• The plasma cells that survive in the body for years are called memory cells. Memory cells result in a much more rapid response if the same pathogen were to ever infect the body once again.
The Lymphatic System
Image Credit: The Emirr, CC-BY-SA 3.0

Cell-Mediated Immune Response

  • The cell-mediated immune response leads to the destruction of body cells infected by viruses. This immune response mainly involves T cells, which need to be activated by antigens. However, different T cells demonstrate different responses
  • T cells are activated when they encounter the matching antigen on a leukocyte.
  • Cytotoxic T cells make contact with virus-infected cell and releases lethal toxins to destroy the cell and the virus.
  • Regulatory T cells help end the cell-mediated response and prevent T cells from accidentally attacking its own antigens.


  • Memory B and T cells produced after an initial fight against an infection help the body quickly defend itself against another infection. This results in resistance to the pathogen, or immunity, and it can be passive or active.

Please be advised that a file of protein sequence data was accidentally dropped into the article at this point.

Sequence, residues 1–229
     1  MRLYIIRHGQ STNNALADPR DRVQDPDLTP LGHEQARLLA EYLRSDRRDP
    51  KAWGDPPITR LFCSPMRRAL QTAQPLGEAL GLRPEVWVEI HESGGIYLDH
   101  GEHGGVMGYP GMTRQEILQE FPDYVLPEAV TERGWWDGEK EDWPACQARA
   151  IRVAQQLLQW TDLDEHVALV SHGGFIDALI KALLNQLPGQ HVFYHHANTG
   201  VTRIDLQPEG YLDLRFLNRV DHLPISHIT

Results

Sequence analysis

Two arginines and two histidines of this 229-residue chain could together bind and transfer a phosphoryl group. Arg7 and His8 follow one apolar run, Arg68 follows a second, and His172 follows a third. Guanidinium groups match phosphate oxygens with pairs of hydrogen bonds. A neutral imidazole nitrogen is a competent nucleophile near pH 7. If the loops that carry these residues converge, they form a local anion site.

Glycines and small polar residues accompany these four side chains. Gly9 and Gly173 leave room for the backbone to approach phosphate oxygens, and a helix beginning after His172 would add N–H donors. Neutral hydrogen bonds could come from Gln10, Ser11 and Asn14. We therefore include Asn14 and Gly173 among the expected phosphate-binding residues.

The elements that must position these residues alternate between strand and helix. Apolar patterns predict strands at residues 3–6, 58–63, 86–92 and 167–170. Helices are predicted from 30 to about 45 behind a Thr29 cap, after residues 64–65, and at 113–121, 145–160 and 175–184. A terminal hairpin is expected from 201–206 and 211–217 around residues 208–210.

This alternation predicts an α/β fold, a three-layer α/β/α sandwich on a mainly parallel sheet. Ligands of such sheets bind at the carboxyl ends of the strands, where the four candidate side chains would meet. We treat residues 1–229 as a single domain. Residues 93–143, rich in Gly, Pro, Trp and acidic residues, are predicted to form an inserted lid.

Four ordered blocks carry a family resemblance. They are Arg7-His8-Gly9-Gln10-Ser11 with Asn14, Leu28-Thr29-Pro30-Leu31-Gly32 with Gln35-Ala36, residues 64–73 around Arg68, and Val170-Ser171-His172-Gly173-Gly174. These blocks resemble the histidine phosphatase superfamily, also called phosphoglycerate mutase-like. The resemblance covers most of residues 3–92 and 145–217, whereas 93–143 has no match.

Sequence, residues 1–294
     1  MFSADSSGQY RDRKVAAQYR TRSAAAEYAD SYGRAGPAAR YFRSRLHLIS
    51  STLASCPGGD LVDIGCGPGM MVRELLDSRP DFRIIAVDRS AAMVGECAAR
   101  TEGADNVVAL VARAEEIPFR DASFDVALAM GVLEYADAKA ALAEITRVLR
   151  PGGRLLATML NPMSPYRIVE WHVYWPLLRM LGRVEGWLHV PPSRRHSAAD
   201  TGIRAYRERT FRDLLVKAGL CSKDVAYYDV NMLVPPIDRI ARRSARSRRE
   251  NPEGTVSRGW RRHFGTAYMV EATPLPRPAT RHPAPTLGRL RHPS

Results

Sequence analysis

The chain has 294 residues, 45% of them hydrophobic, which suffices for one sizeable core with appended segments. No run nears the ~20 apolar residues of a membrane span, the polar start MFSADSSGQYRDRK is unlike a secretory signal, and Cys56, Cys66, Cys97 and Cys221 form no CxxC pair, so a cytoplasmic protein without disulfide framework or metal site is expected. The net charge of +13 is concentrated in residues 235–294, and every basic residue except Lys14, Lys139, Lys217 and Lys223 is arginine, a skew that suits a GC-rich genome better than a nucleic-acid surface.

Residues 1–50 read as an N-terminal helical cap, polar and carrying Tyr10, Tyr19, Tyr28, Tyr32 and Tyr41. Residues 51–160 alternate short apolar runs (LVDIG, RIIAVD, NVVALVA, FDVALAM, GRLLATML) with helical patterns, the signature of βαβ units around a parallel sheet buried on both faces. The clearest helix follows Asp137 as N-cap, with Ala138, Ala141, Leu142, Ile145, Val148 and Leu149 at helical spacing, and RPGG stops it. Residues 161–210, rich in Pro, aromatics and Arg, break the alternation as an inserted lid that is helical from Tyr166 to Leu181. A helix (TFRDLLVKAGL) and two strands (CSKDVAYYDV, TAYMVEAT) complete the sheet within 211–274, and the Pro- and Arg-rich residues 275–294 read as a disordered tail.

• Active immunity is a result of memory cells against a certain pathogen. Immunization is meant to build active immunity against a certain pathogen by purposely exposing the body to a mild version of a pathogen to trigger an immune response.
  • Passive immunity is the transfer of antibodies to a person who has never been exposed to the pathogen.

Cell-Mediated Immune Response‍
Image Credit: National Institutes of Health, Public Domain